1. […] Go read Chapter 24 and the Epilogue. […]

  2. Just reading the summary of that chapter was painful. It’s amazing how horrible Stephenie Meyer is at dialog. Seriously.

    What even happens in Eclipse? I don’t even know. I know the other three but Eclipse is a complete mystery to me…… I can’t wait until you guys cover that book…

    I still miss the Tide Pools…

  3. These are just so hilarious!

  4. I am so happy to have found this site! Oh my Gosh I felt like I was the only one on earth that found these books PAINFUL to read (I read the first two to give it a chance but oh my Gosh *paper shreds*) Your commentary is hilarious and true.

  5. Welcome new readers! We’re really glad that you’re enjoying our little anti-Twilight project. :^)

    And yes, you certainly are not alone!

  6. …also, gah!! Romeo doesn’t kill Paris. He kills Tybalt after Tybalt kills Mercutio. Neither of whom has any romantic leaning towards Juliet. In fact, I don’t think Romeo even MEETS Paris. Is this seriously in the book? It’s not a typo? SMeyer actually thinks Romeo kills Paris??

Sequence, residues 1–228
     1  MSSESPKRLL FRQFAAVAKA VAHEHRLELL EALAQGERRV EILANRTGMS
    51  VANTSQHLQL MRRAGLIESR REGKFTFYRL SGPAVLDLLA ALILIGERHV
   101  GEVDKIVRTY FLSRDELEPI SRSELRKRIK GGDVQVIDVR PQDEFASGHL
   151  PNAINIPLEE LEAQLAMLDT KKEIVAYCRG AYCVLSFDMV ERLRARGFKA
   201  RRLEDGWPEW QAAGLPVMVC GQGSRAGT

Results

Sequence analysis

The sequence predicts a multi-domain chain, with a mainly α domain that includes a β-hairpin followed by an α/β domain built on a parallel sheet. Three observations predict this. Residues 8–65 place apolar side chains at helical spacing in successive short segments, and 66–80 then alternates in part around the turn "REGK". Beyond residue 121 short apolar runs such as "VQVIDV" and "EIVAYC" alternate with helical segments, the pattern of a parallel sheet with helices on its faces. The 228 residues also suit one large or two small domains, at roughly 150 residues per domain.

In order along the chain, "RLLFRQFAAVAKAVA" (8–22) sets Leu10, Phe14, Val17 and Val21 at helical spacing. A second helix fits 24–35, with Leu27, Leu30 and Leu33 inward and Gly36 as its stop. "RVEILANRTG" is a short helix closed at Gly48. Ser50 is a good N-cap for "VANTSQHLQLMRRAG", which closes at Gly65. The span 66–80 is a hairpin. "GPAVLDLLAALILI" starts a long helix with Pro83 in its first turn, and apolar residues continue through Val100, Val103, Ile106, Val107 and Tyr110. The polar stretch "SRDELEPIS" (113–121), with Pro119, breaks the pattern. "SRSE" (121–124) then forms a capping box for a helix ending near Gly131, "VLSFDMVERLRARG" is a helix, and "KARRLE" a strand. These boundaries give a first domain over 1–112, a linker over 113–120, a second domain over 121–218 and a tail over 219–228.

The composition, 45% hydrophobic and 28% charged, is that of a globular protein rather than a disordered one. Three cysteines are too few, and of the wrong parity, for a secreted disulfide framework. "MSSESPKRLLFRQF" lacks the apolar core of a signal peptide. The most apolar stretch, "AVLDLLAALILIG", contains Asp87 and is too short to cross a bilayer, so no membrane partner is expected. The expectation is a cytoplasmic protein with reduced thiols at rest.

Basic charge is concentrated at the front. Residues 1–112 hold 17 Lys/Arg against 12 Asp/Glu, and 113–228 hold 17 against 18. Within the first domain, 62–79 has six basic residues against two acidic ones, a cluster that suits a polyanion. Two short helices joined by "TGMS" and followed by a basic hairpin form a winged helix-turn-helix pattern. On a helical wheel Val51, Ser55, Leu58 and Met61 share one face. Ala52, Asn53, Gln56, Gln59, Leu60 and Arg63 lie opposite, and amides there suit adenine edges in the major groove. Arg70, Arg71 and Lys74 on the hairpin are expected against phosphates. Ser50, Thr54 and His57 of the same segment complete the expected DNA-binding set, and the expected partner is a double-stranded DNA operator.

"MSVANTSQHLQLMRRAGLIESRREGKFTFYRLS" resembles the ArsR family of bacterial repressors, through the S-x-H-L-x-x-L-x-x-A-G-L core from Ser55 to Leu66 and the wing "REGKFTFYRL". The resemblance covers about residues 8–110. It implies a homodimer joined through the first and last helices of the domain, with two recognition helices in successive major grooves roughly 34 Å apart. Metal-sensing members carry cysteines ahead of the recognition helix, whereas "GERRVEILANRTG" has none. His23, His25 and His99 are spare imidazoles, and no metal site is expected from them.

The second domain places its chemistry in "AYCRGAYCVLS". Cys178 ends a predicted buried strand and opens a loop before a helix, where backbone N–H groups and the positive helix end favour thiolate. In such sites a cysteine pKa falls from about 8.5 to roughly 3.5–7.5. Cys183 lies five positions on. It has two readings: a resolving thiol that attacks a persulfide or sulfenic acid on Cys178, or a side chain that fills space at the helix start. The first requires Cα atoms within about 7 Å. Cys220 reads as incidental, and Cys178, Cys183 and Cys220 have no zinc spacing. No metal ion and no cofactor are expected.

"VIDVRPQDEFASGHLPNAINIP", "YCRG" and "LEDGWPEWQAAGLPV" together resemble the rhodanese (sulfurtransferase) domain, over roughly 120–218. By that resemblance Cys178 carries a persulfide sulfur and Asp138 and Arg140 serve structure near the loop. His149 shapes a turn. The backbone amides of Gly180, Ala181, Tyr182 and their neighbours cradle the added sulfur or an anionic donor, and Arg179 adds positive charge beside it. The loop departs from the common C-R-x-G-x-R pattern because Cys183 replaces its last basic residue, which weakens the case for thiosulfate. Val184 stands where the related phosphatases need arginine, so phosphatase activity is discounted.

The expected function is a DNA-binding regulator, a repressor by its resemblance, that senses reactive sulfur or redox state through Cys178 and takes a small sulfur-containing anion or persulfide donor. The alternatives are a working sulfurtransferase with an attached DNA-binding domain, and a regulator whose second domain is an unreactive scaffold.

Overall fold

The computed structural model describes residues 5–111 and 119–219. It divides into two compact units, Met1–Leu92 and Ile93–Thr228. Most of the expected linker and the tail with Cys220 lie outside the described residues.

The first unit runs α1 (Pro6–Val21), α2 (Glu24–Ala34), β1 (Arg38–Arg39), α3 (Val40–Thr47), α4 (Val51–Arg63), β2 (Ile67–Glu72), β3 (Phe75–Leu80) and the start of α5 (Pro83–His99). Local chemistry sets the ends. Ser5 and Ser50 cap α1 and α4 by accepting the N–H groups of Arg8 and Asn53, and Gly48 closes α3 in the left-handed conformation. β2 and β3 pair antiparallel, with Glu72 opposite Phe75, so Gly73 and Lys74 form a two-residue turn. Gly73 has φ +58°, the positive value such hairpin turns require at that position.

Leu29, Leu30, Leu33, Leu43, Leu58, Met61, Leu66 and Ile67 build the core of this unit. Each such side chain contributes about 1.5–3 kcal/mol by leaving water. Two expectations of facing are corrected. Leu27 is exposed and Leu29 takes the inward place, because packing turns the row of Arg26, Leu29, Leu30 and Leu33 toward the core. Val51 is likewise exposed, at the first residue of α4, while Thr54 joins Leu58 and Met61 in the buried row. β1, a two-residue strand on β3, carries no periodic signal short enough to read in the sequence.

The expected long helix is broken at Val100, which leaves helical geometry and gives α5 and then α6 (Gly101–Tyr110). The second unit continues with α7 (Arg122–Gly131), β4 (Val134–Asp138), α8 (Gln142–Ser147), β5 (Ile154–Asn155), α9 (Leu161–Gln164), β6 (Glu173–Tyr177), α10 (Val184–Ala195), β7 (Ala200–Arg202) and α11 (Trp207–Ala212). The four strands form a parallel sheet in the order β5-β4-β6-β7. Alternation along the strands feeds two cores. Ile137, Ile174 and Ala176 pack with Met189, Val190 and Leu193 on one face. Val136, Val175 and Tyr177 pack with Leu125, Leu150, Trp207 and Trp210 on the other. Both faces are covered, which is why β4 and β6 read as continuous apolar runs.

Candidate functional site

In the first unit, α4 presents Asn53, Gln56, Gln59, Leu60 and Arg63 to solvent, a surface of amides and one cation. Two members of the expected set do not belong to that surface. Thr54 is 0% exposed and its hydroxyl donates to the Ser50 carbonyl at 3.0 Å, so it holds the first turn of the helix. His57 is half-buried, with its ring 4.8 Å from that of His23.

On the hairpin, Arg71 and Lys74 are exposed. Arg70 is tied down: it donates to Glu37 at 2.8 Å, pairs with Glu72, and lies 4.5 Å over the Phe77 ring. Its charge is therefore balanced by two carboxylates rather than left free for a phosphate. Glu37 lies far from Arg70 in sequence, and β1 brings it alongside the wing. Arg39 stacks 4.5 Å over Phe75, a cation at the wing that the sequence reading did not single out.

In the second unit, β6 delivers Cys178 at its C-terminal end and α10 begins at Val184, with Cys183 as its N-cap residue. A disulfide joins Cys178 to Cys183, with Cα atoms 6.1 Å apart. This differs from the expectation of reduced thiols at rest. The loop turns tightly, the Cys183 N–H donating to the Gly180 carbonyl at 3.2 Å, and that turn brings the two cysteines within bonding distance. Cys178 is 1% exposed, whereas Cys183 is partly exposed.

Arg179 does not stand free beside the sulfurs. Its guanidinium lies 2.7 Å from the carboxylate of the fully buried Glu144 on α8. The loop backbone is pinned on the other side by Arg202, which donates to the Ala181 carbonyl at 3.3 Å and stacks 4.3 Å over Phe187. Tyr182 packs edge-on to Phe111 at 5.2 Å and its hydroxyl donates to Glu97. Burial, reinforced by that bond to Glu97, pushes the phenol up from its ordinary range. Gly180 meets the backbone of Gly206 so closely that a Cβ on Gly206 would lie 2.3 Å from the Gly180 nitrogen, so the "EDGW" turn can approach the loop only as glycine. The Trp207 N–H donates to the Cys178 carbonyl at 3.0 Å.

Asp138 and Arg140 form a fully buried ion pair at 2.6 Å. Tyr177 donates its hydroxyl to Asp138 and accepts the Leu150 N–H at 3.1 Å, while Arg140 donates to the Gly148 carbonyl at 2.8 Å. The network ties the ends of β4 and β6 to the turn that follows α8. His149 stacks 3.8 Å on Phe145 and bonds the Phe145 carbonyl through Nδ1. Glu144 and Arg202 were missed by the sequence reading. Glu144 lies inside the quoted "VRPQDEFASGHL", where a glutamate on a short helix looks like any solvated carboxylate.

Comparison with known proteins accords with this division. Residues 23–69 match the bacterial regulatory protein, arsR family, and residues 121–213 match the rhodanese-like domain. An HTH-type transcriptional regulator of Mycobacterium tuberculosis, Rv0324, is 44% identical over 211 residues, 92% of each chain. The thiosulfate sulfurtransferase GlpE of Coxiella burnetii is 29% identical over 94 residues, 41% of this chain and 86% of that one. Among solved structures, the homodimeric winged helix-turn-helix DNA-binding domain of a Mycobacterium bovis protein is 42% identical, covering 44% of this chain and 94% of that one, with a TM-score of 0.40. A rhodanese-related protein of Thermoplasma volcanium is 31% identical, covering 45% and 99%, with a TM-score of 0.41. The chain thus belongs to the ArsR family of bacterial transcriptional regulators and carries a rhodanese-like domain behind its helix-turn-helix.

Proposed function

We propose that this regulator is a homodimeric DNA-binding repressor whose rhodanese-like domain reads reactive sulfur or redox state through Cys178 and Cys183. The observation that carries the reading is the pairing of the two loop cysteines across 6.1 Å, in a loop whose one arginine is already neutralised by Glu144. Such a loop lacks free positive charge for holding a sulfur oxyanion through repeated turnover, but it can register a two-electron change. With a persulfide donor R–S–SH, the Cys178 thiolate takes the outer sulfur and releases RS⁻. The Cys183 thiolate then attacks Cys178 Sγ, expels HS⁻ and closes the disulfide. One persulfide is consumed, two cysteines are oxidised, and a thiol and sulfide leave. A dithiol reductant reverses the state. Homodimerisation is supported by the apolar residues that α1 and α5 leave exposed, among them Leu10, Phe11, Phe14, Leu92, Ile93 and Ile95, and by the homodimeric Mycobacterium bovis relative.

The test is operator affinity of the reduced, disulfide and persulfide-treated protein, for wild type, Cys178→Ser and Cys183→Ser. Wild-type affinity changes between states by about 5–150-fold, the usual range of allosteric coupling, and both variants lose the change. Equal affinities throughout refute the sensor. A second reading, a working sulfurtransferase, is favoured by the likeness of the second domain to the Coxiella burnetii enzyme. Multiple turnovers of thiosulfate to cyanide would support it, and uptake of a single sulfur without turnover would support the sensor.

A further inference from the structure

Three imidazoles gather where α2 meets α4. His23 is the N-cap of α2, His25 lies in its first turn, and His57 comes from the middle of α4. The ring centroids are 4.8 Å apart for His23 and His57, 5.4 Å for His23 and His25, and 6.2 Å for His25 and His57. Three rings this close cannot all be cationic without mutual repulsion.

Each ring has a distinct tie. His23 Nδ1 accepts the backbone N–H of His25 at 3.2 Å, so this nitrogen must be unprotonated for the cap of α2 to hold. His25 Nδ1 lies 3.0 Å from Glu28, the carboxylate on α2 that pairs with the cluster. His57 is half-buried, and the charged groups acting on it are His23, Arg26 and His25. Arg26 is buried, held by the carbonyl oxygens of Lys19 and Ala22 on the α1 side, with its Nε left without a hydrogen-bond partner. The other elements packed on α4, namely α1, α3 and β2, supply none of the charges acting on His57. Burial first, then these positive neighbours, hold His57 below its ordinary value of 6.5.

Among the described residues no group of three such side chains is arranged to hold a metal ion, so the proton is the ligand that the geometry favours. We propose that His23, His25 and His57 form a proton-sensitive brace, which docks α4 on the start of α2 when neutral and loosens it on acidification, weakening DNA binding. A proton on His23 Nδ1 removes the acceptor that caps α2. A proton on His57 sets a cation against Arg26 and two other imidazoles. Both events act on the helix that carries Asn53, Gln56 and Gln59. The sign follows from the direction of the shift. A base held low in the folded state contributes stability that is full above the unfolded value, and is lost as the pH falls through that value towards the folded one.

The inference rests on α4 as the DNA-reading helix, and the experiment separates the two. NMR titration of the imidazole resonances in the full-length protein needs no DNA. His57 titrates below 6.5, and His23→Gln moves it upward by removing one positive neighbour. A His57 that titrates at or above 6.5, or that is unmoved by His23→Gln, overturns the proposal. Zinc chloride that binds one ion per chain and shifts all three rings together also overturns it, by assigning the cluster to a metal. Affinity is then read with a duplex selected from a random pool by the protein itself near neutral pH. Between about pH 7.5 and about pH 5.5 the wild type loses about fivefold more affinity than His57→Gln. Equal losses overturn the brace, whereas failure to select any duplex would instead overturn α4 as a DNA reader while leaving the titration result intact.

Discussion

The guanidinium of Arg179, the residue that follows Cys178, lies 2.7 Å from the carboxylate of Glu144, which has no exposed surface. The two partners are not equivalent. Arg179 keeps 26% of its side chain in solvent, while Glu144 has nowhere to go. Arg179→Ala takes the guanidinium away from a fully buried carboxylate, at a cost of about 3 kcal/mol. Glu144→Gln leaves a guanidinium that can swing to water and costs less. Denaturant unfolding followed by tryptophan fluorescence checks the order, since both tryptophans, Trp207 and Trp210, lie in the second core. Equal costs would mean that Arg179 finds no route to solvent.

FAIL. Epic, epic FAIL.

    (not u guys. You guys rock :D)

    • Well, actually, Romeo DOES kill Paris. It happens in the tomb, just before Romeo drinks the poison. (Paris thinks Romeo is going to desecrate Juliet’s tomb, and whips out his sword, and then loses the duel that follows.) But the rest of the scene is so memorable, that Romeo killing Paris isn’t the first (or second, or third) thing you think of.

      But, regardless, Stephenie Meyer using this sort of comparison is just dumb. We’re quite sure she could have used some more well-known literary love triangle.

      • …REALLY?? *checks Wikipedia*